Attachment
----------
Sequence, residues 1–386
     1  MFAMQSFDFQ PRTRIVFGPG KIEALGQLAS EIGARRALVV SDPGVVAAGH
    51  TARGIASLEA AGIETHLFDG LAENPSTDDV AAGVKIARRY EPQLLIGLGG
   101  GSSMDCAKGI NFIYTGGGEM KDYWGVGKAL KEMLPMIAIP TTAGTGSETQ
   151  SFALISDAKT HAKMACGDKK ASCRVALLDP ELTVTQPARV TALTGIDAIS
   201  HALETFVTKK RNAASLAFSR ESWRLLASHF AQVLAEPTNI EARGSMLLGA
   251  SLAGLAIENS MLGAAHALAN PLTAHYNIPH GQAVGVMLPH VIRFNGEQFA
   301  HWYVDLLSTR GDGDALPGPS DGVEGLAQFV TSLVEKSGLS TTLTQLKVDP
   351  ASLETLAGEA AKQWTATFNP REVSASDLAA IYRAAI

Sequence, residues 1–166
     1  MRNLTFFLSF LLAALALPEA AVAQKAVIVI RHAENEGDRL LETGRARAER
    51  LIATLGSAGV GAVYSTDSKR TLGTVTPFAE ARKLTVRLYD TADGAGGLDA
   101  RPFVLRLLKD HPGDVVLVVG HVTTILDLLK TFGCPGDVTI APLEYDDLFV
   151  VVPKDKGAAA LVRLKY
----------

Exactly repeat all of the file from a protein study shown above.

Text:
Sequence, residues 1–386
     1  MFAMQSFDFQ PRTRIVFGPG KIEALGQLAS EIGARRALVV SDPGVVAAGH
    51  TARGIASLEA AGIETHLFDG LAENPSTDDV AAGVKIARRY EPQLLIGLGG
   101  GSSMDCAKGI NFIYTGGGEM KDYWGVGKAL KEMLPMIAIP TTAGTGSETQ
   151  SFALISDAKT HAKMACGDKK ASCRVALLDP ELTVTQPARV TALTGIDAIS
   201  HALETFVTKK RNAASLAFSR ESWRLLASHF AQVLAEPTNI EARGSMLLGA
   251  SLAGLAIENS MLGAAHALAN PLTAHYNIPH GQAVGVMLPH VIRFNGEQFA
   301  HWYVDLLSTR GDGDALPGPS DGVEGLAQFV TSLVEKSGLS TTLTQLKVDP
   351  ASLETLAGEA AKQWTATFNP REVSASDLAA IYRAAI

Sequence, residues 1–166
     1  MRNLTFFLSF LLAALALPEA AVAQKAVIVI RHAENEGDRL LETGRARAER
    51  LIATLGSAGV GAVYSTDSKR TLGTVTPFAE ARKLTVRLYD TADGAGGLDA
   101  RPFVLRLLKD HPGDVVLVVG HVTTILDLLK TFGCPGDVTI APLEYDDLFV
   151  VVPKDKGAAA LVRLKY